It's Our Turn: Our family received an extra ThanksgivingMy family recently celebrated Thanksgiving. I know, traditionally Thanksgiving is in November, but after the wild February and March my family just experienced, we decided another celebration was in order. My husband of 34 years, who’s almost never seen the inside of a hospital except for visits to family or friends, found himself in serious trouble on Valentine’s Day.
By: Lori Mork, Alexandria Echo Press
My family recently celebrated Thanksgiving.
I know, traditionally Thanksgiving is in November, but after the wild February and March my family just experienced, we decided another celebration was in order.
My husband of 34 years, who’s almost never seen the inside of a hospital except for visits to family or friends, found himself in serious trouble on Valentine’s Day.
A ridiculously healthy person, he collapsed during a Gopher basketball game and was taken by ambulance to Hennepin County Medical Center in Minneapolis. There, after a night in the intensive care unit, he was at first diagnosed with a bleeding ulcer.
Now, of all the people in the world, Bob is probably on the top of the list of those who would never have an ulcer. Seriously, this is the person who calms everyone else down and in times of stress, sleeps like a baby.
What a simple diagnosis. At least that’s what everyone thought. Just cauterize the bleeding ulcer and stay away from aspirin and other NSAIDS, send him back home and everything would be fine.
Unfortunately, it wasn’t fine. The ulcers were a result of an underlying problem – a diagnosis hard to confirm in the form of a Dieulafoy’s lesion.
It’s a very strange thing, this lesion. Simply put, it’s an artery to the stomach that’s not formed correctly, and when it works its way to the surface, bleeds like crazy.
We’re talking big-time, life-threatening bleeding here, and what adds to the problem is that it’s nearly impossible to find when it’s not bleeding.
The doctors, both here at the Douglas County Hospital and Hennepin County Medical Center, tried nearly everything in the book to find that little stinker, but no matter what they did, it simply wouldn’t bleed when they needed it to.
Of course, it did bleed when we didn’t want it to, causing two more serious and a few more less serious, but still troubling, bleeds, forcing my husband to spend nearly two weeks in intensive care between DCH and HCMC, and another week in a regular hospital bed as he worked on recuperating.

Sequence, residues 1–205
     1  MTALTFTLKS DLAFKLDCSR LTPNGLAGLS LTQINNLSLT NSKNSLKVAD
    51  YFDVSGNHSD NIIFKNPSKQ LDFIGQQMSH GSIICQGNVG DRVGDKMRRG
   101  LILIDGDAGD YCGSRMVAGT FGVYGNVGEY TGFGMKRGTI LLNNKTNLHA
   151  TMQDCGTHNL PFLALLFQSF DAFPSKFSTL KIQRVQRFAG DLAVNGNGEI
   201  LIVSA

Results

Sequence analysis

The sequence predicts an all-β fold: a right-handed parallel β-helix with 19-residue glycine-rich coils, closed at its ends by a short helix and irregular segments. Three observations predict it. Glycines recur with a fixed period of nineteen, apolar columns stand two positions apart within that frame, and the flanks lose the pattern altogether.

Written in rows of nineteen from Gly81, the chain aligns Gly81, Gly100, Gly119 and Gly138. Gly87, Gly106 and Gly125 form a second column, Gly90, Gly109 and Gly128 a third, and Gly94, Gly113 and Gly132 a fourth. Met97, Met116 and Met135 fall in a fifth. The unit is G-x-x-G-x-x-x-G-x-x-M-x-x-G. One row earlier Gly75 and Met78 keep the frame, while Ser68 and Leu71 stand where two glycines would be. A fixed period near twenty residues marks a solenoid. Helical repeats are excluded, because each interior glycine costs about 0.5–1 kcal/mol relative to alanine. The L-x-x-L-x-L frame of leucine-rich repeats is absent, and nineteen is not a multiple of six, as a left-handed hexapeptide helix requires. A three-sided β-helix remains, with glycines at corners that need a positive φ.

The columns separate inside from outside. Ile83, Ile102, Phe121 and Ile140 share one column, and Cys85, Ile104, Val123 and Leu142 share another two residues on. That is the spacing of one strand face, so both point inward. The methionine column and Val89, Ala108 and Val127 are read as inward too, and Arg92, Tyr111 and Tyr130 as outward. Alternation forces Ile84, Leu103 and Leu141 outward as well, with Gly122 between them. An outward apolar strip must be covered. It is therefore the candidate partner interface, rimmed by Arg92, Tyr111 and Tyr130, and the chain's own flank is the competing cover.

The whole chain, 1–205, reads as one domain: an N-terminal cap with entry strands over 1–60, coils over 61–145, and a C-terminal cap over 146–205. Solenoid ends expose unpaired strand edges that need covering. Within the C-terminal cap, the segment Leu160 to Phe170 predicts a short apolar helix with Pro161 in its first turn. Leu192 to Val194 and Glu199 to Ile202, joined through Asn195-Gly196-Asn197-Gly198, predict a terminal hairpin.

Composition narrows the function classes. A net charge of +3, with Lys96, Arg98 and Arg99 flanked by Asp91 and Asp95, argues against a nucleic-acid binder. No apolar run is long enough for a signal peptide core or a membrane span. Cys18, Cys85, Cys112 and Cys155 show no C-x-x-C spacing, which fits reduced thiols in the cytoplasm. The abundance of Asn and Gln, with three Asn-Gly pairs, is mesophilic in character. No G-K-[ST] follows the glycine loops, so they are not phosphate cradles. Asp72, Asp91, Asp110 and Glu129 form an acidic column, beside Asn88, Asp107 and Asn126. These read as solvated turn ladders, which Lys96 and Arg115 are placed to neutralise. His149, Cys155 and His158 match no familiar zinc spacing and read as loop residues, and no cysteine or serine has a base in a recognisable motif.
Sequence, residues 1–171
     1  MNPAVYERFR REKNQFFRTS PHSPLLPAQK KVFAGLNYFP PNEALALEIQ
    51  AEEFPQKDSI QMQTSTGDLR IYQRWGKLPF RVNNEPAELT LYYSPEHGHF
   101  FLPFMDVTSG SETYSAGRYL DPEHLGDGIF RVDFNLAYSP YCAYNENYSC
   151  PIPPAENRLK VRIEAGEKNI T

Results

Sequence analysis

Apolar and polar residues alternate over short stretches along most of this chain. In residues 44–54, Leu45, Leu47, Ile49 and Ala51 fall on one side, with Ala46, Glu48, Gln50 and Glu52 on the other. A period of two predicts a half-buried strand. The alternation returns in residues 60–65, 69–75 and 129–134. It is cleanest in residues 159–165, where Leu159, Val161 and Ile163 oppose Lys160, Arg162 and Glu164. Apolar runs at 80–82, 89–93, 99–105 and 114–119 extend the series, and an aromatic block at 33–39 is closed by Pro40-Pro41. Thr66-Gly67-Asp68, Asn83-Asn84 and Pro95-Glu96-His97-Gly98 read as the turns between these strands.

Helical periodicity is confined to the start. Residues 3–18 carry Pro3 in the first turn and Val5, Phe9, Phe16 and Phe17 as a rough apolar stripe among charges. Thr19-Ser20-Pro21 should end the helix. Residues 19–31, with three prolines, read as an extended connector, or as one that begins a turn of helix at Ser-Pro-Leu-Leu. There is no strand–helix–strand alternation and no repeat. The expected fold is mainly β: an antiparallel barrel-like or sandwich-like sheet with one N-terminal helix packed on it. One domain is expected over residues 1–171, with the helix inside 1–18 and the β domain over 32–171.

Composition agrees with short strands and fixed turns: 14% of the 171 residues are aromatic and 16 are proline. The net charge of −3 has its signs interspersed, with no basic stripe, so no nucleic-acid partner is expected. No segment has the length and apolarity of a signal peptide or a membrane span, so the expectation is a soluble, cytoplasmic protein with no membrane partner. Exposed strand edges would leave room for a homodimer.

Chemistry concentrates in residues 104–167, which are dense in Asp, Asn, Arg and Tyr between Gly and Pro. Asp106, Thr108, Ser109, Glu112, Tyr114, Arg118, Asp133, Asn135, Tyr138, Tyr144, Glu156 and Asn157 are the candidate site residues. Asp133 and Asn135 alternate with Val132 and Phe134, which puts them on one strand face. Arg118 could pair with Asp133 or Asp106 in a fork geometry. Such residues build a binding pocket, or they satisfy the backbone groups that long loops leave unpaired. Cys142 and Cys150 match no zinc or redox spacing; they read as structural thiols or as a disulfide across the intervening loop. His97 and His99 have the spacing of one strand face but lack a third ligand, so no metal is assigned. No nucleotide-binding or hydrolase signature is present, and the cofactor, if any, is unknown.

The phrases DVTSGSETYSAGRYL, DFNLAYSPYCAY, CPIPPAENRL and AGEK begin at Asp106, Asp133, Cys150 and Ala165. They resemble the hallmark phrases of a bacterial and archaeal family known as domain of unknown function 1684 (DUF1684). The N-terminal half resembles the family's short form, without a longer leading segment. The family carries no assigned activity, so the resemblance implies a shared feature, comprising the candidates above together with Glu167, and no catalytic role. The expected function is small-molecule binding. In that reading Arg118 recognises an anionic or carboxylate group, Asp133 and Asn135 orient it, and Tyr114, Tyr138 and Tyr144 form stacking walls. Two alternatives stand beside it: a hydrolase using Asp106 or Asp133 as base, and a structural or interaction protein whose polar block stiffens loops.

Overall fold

In the midst of all this drama, another life-changing event was happening to the north as our first grandchild made her way into this world in Fargo nine days early, but gorgeous and perfect in every way.
I was able to get away from Minneapolis for a few days here and there throughout those three weeks, and was able to make a quick trip to Fargo to hold my new granddaughter, Brielle, for a few hours when she was 2 days old.
After that, it was back to HCMC until three weeks after my husband’s first trip there, when he was able to come home, hopefully for good.
It’s amazing how, in the midst of your humdrum life, fate can throw you a curveball or two.
But what’s even more amazing is how deeply these curveballs can reinforce just how wonderful a person’s life really is.
And that’s the reason for our extra Thanksgiving, complete with a celebration of all the good things in our life: My husband’s return to normalcy, slow and steady though it may be; our beautiful new grandbaby with a face as sweet as the sun; our family and friends who jumped to our aid in whatever ways we needed; our coworkers who took over our responsibilities and were only concerned over our welfare; the first responders and EMTs whose swift actions gave us such a positive outcome; and most of all, the doctors and staffs at both the Douglas County Hospital and the Hennepin County Medical Center, who were professionally efficient and yet caring and thoughtful.
Thank you from the bottom of my heart.